Feiyu-Tech a2000

Cameras

We’re taking it up a notch in the stabilising gimbals department as we’ve tested out the Feiyu-Tech a2000 – a 3-axis stabilising gimbal for mirrorless cameras or DSLRs up to 2kg! What a beast this gimbal is!

To begin with, this gimbal isn’t an amateur tool – I would say it’s more of a device a ‘professional’ videographer would use to obtain flawless, steady footage.  There are two versions, the two handed one and the single handed one. We had the pleasure of testing  the latter.

What’s in the box?

Upon receiving this gadget I was impressed by the packaging and presentation of it. This is by far the best packaged Feiyu-Tech product I have laid my hands upon.  For starters, it has its own ‘hard’ carry case – it’s not hard plastic, it’s more like structurally solid case with a soft cloth finish. Pulling back the two zips to open it reveals another zipped compartment on the underside of the lid which holds the manual and warranty cards and could be used to carry SD cards, cables or any other small things one might need. The bottom of the case is covered with another internal lid which is held closed via three Velcro straps. Peeling these back allows you to hinge this lid backwards revealing all the components of the a2000.

In the main compartment, as you can see in the unboxing video above, you’ll find the main gimbal body, the handle with gimbal controls, a small tripod, four batteries,  a USB smart battery charger, a quick plate, a micro USB cable, a camera support frame, a shutter release cable and two thumb screws.

Specifications

The a2000 is capable of full 360° rotation on the panning, tilting and rolling axes at a minimum rotation of 2°/s to a maximum of 150°/s. It comes with four Lithium Ion batteries which makes the gimbal last an incredible 12 hours before needing another charge. Keep in mind that the gimbal only takes 2 batteries at a go so you get two ‘spare’ ones – a big plus! The a2000 has the standard tripod mount 1/4 inch female thread hole at the bottom as well as the back of the handle.

Feiyu-Tech a2000 Handle

Similarly to the G5, the a2000 has a joystick, an indication light, a function button, and two trigger buttons – one on the front and a larger one on the back.  The joystick’s purpose is to control the direction the gimbal is pointing at, the indication light shows the status the device is in, be it ‘Panning mode’, ‘Lock mode’, ‘Low battery’, etc … The function button controls both power as well as the mode and the if either trigger button is pressed for long the gimbal enters a ‘locked’ state, where all axes are locked in the position the gimbal is in when the button is pressed, or, if pressed twice in quick succession, returns the gimbal to the default panning mode whist the tilting and rolling axes return to the initial level.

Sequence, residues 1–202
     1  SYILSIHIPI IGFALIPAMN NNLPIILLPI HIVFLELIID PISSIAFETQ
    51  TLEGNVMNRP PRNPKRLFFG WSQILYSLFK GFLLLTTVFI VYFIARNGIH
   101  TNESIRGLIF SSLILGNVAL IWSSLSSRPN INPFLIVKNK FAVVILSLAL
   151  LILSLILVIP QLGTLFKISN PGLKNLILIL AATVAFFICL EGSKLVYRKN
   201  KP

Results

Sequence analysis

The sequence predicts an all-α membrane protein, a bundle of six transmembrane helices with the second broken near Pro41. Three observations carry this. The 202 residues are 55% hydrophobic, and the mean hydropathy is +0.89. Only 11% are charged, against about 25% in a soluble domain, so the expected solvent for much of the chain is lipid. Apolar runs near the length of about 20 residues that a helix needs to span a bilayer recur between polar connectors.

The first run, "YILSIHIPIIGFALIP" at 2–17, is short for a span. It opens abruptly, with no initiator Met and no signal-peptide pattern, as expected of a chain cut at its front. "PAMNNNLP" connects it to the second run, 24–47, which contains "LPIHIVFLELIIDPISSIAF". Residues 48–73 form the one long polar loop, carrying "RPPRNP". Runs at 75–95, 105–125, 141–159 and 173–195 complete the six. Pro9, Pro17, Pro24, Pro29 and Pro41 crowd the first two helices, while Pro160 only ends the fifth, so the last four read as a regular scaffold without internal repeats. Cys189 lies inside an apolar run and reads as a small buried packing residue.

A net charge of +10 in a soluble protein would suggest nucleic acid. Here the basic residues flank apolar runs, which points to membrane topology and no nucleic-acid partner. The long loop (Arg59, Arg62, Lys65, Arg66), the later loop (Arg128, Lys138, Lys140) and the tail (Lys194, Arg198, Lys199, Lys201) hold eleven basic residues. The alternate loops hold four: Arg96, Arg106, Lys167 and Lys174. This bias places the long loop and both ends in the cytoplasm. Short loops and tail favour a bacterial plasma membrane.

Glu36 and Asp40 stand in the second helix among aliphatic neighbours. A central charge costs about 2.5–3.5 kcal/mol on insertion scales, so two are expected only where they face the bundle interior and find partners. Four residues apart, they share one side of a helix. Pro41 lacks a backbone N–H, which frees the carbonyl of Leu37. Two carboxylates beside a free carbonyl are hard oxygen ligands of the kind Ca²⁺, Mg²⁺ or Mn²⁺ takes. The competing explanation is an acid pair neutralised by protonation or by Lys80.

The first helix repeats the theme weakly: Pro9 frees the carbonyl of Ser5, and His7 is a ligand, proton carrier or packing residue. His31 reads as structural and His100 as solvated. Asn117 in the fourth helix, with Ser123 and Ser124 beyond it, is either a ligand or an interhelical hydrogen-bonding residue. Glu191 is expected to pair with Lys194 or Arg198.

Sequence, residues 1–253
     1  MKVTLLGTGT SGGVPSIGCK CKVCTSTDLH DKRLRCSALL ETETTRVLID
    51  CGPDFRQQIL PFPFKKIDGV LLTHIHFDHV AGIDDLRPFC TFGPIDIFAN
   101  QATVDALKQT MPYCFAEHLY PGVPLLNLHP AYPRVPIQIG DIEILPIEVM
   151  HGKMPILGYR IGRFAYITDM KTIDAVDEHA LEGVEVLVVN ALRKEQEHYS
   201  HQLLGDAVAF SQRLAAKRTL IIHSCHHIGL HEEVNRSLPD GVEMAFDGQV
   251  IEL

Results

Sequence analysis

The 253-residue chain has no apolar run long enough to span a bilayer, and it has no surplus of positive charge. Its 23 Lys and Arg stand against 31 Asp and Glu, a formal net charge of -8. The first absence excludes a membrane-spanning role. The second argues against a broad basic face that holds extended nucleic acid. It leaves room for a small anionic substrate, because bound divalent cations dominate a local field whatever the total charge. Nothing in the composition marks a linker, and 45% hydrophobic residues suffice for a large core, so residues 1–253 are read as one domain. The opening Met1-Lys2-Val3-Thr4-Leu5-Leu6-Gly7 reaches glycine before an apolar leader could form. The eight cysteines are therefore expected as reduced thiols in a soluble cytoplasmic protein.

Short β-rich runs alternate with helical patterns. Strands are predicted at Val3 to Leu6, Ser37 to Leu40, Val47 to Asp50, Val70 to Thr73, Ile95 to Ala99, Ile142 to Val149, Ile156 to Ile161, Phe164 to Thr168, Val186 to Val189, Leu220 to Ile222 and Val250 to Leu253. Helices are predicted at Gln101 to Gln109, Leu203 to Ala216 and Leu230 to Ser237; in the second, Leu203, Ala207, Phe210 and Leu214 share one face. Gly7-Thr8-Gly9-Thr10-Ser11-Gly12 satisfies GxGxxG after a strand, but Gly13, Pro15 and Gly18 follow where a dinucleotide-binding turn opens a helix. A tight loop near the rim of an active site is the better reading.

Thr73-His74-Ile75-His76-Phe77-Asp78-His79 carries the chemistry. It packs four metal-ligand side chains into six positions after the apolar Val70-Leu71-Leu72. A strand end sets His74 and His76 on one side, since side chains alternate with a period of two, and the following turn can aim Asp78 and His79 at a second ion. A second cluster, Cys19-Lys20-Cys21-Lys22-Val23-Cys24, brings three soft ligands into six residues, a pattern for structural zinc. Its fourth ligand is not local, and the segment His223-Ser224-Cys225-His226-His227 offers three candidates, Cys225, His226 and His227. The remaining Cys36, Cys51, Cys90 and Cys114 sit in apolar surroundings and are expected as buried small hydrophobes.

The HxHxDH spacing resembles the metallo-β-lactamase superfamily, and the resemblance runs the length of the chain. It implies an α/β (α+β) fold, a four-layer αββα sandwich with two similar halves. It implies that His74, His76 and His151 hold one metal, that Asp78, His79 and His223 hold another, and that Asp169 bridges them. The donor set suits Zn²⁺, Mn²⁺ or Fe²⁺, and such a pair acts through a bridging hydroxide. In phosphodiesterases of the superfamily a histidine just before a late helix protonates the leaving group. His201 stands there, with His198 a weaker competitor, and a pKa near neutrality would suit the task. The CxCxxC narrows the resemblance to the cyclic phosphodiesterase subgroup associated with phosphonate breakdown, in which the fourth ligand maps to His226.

Using it

Setting the gimbal up is fairly easy. First the quick plate is attached to your camera (in my case a DSLR) using one of the thumb screws. The camera support frame fits nicely under the lens and is tightened in place using the other provided thumb screw. The batteries are inserted into the handle taking care to match the polarity (the + and -) and the handle then attached to the main gimbal body.  The handle has 4 guides which need to match up with the underside of the main body before tightening it. The quick plate then slides into a slot on the main body and the remaining thumb screws are tightened.

A very important step with any gimbal is balancing prior to powering it on. Feiyu-tech provides an in-depth description of how this should be done on the supplied manual.  I won’t get into describing step-by-step how to do it as how the balancing is done depends on your camera and lens models. The reason one balances the load on the gimbal is so that motors have less work to do and instead of wasting energy on lifting your camera to point forwards, only use energy to stabilise the video you’re shooting, hence prolonging battery life drastically.

There are five modes the a2000 can be in, namely:

  • Panning mode: The G5’s tilting and rolling axes are fixed whilst the panning axis smoothly follows the user’s hands.
  • Lock mode:  All axes are fixed to one direction wherever the user is.
  • Panning and Tilting mode: The G5’s keeps a steady a horizon (rolling axis) but follows the user’s hands on the panning and tilting axes.
  • ‘Selfie’ mode: The gimbal rotates 180° on the panning axis to face the user.
  • Auto-rotation mode: The user sets the starting and finishing position and the gimbal determines a path and auto-rotates at a user defined rate (through the mobile app).

These modes can be accessed through pressing the ‘mode button’ a number of times in quick succession or in the case of the ‘Lock mode’ by using the trigger.

Conclusion

It took us a bit longer to get used to the a2000 than we did with the G5 or WG2 but it’s mostly due to the fact that this is a more sophisticated device than either of those.  The sheer power of the motors combined with the weight of the camera, lens and gimbal itself meant that handling it took getting used to but the result is magnificent.

The video above clearly shows how effective and powerful the a2000 is – be it glamour shots of the beautiful Porsche Cayman or footage whilst being driven around in it.  As you can imagine, in a fast car like this the G-forces are significant but the a2000 still did a great job at stabilising the image to the point where it’s enjoyable to watch!

What do you think?